frustration today!

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frustration today!

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    08-06-2010, 06:01 PM
Angry frustration today!

Forgive my rant but I am frustrated. Frustrated with a horse that is so young and stubborn (I know it isn't his fault and I don't take it out on him), and frustrated with books that tell you how to train the perfect horse! Why don't training books tell you what to do when the horse doesn't follow directions? My horse is a RMH and was trained as a big puppy for the first year. Moving away from me is the last thing on his mind, and although we are building respect he is still 2 and stubborn. Today for instance I wanted him to circle me. Simple request in ALL of the training books and videos. I can get him to walk and sometimes the next gait (still don't know what it is called), as long as it isn't clockwise! He did it once two days ago but not today. NO matter how much I pushed his shoulder the right way, wave the rope, bop him in the face because he wont move, turn him by looking at this hips he would NOT walk clockwise! What do you do with this? I tried leading him and he was fine, but it is like he doesn't want his right side facing me! I am perplexed and frustrated! Please help!
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    08-06-2010, 06:11 PM
Please consider that a person that trains horses every day does not have these kind of problems and that you need to go find that person.

There are small things that might get worked out in your training program by something that you picked up in a book or on the Internet or video...
Training is a skill that you must LEARN like math or spelling or how to drive a car.

Find a mentor and the frustration may pass.
    08-06-2010, 08:02 PM
I mean no disrespect of any kind, but if you don't know that the next gait from a walk is a trot, then you are probably in way over your head.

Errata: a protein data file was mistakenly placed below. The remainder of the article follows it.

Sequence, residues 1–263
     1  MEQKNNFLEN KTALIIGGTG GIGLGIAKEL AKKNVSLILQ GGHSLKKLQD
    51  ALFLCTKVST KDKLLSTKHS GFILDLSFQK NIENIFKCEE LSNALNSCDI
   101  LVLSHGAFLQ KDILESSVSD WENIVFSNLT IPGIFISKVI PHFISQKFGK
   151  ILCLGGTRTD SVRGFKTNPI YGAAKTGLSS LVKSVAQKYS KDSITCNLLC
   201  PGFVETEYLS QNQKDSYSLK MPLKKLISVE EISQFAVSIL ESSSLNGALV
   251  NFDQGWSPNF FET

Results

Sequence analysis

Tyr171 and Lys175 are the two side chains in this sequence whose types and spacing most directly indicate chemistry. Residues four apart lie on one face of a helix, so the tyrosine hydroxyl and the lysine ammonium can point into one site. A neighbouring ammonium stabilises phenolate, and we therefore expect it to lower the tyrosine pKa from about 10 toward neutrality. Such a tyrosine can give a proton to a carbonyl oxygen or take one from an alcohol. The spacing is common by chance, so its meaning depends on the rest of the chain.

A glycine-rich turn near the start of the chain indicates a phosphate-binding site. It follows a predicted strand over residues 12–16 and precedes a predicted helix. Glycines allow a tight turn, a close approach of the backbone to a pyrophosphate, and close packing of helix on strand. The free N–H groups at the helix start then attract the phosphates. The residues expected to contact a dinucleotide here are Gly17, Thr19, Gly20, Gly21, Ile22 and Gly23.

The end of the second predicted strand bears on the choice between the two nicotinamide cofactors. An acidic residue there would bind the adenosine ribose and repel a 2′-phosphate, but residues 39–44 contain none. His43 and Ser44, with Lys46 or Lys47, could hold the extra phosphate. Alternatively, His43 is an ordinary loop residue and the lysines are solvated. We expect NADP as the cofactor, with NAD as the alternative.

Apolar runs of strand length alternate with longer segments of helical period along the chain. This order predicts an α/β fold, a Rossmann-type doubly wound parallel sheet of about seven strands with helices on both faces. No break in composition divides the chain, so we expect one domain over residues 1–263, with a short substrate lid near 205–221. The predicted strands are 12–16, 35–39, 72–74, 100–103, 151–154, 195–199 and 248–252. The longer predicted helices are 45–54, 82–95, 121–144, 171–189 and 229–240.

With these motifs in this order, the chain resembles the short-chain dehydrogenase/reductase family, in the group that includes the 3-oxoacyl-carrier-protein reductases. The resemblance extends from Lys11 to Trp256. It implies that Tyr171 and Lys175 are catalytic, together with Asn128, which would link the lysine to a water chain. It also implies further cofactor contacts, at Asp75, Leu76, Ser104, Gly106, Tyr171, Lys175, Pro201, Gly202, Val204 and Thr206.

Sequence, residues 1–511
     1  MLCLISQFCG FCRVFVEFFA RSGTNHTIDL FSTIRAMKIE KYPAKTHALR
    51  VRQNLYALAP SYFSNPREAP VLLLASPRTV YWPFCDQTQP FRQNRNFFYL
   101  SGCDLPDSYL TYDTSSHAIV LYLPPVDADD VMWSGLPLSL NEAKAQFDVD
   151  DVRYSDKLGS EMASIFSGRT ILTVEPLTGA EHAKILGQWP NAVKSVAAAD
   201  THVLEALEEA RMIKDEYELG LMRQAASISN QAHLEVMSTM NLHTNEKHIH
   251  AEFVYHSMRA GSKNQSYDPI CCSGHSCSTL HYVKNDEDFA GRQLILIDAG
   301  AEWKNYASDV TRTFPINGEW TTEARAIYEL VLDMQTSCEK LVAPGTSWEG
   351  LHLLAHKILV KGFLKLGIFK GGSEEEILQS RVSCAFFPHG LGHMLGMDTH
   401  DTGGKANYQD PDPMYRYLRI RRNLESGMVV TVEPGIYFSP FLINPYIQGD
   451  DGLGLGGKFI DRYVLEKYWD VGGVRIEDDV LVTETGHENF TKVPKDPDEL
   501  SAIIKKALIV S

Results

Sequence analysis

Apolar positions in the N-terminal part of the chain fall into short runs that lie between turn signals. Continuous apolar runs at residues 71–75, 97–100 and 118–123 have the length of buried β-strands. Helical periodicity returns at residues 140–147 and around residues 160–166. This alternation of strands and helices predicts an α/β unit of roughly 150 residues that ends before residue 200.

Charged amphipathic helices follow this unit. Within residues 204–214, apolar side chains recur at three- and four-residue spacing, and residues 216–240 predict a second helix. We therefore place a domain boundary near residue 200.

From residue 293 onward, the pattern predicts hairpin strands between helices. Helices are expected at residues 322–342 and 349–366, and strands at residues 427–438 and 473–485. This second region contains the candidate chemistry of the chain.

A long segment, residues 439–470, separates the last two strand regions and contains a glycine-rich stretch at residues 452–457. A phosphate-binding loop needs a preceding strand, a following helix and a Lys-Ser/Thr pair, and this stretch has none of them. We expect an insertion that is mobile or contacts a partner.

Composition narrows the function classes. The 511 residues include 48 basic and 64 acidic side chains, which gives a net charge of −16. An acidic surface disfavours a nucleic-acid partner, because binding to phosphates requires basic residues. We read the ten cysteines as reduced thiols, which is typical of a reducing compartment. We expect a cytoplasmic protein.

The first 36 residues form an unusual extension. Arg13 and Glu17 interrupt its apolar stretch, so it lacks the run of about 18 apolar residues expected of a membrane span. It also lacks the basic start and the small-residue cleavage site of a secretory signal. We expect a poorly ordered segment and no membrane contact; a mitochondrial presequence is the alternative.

That being said, the best thing you can do is put this horse in a round pen and get him OFF the lunge line. He is getting confused by the lead line being attached to him. If I were you I'd get two lunging for each hand. The left whip is used to keep him away from you, and the right one to move him forward. Unhook the lead, step away. If he steps towards you then you immediately extend the left whip in front of you and literally push him out of the way if you have to. It's ok to tap him with it gently. Then use the other whip to drive him forward. Once he is moving get him moving quickly. Really move him out and if he tries to cut into you put the pressure on him and drive him forward. Soon he will get the idea. But truly, I think it would be best if you could get someone more experienced than you to help you. Horses are hard to learn from some point you need to watch this stuff in person and learn by doing.
    08-06-2010, 09:09 PM
Cobalt, this is a Rocky Mountain gaited horse, and they don't have a trot per se. I am not sure what the next gait is called either--a pace or a running walk or what.
    08-06-2010, 10:37 PM
Sorry, missed the RMH reference. Your horse should be doing a pace or ideally a single foot (or rack). Do lots of breed research too! I don't know much about these horses, but if it were me, I'd be reading everything I could get my hands on.

I would suggest doing a lot more hands on learning before striking out on your own. Can you get someone to teach you lessons? Go to clinics? What you are asking the horse to do is very simple and virtually every horse is going to be able to "get it" when asked correctly. It would be great if someone with experience could come and show you. It sounds like the horse is confused, and I think it would be a quick fix in the right hands!
    08-07-2010, 08:55 AM